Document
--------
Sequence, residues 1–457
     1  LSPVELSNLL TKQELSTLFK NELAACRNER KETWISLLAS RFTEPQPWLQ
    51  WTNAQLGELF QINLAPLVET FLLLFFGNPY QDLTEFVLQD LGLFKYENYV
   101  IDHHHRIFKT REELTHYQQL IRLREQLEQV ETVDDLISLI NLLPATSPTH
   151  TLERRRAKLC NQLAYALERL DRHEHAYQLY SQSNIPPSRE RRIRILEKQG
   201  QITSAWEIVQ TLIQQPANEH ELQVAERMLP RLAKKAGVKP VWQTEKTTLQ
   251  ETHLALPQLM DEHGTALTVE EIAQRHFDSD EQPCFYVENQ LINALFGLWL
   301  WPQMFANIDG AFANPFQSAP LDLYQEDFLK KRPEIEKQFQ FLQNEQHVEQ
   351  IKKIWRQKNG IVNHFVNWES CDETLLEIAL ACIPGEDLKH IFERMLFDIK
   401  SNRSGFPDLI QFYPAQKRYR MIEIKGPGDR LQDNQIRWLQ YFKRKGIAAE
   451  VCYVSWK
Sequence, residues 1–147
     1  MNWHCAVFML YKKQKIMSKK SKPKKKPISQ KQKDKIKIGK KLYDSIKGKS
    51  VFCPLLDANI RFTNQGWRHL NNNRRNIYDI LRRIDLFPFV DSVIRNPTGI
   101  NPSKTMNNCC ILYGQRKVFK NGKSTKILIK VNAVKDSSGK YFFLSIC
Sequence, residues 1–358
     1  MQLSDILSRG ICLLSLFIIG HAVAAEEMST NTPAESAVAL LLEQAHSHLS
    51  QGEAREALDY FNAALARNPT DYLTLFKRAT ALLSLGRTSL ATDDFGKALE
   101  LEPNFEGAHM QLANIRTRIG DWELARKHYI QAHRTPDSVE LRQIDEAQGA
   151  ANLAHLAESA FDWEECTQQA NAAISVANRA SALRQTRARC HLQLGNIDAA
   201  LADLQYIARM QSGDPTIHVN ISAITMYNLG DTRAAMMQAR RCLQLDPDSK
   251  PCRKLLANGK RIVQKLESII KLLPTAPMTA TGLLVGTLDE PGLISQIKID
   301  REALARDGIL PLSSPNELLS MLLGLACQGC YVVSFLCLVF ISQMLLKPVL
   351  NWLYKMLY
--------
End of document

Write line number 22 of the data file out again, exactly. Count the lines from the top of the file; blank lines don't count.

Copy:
   251  PCRKLLANGK RIVQKLESII KLLPTAPMTA TGLLVGTLDE PGLISQIKID